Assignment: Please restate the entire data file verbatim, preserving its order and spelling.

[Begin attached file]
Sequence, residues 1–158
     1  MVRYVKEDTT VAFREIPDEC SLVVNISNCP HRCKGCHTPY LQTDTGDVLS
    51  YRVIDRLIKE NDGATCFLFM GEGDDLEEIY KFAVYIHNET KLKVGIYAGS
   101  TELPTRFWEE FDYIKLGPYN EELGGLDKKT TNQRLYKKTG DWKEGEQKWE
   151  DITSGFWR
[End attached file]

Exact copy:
Sequence, residues 1–158
     1  MVRYVKEDTT VAFREIPDEC SLVVNISNCP HRCKGCHTPY LQTDTGDVLS
    51  YRVIDRLIKE NDGATCFLFM GEGDDLEEIY KFAVYIHNET KLKVGIYAGS
   101  TELPTRFWEE FDYIKLGPYN EELGGLDKKT TNQRLYKKTG DWKEGEQKWE
   151  DITSGFWR